Philosophy Department Rankings

Noelle McAfee has been raising questions recently about the methodology of the Leiter Report ranking graduate departments of philosophy.

I think a more basic question is: what is the purpose of the Leiter Report? Its stated purpose is to provide undergrads with information so they can make informed decisions about where to apply and attend graduate school. But Leiter, to his credit, admits that the information it provides is incomplete: while the rankings are about faculty "reputation" and "quality" they don't say anything about the climate or education in these departments.

So how does this incomplete information help undergrads? Well, I can imagine it would help undergrads who are debating about whether to apply or attend Pitt or NYU or Rutgers or Princeton, say, but aren't getting good advising from their undergraduate professors.

But how many of those students are there? I certainly wasn't one of those students. Like a lot of people, I think (and hope!), I was praying to get just one acceptance. Two or more would have been hopelessly confusing. Having to choose between Princeton or Rutgers? Well, I can't imagine how hard that must be.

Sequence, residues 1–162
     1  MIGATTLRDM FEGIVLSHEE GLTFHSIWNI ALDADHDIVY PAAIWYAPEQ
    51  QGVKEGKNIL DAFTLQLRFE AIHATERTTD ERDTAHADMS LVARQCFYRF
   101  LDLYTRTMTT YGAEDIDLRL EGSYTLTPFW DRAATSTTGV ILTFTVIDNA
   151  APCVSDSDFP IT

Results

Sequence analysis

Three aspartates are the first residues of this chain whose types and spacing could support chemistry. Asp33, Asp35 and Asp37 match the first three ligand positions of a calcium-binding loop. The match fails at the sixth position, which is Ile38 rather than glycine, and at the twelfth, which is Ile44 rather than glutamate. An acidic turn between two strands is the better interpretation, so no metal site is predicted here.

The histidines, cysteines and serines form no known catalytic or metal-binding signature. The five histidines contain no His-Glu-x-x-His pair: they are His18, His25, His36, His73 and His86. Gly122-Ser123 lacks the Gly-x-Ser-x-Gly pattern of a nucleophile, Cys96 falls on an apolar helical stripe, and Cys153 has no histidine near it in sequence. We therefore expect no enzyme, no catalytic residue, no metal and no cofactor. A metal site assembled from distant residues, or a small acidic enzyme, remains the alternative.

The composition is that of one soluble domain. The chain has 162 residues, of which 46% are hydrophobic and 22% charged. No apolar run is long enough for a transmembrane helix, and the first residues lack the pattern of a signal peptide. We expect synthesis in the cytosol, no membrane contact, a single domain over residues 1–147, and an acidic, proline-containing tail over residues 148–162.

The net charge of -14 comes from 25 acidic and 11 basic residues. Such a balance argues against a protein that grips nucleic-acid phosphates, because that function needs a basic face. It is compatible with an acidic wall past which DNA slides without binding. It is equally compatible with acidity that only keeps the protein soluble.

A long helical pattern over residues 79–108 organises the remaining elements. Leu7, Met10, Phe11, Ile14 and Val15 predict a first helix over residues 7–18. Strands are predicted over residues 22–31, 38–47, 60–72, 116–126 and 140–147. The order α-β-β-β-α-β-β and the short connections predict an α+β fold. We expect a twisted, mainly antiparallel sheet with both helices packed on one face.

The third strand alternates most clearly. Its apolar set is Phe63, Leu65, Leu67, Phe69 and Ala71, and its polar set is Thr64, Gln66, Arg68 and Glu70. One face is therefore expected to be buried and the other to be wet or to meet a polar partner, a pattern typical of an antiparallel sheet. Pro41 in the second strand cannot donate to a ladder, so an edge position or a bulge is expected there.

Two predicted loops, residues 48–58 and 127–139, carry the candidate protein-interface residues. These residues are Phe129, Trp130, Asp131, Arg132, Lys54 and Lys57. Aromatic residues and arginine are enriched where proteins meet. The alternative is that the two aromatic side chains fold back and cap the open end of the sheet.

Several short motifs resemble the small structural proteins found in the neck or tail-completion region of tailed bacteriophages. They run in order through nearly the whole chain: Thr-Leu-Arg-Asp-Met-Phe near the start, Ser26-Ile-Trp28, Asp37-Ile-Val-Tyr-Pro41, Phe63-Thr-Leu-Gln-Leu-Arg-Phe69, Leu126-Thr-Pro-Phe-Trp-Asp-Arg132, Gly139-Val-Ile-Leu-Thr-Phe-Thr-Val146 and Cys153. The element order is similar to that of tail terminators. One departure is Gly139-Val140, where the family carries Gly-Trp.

The simple fact is that most of the people who attend the top graduate departments come from the top undergraduate departments -- undergraduate departments stocked with recent Ph.D.s from the top graduate departments. For that reason I have a hard time believing that these students don't have access to good advising.

And that brings me back to my question: what purpose does the Leiter report really serve?

Thursday, July 19, 2007

Rorty Video

From Phillip McReynolds, a fascinating and thoughtful discussion of Richard Rorty: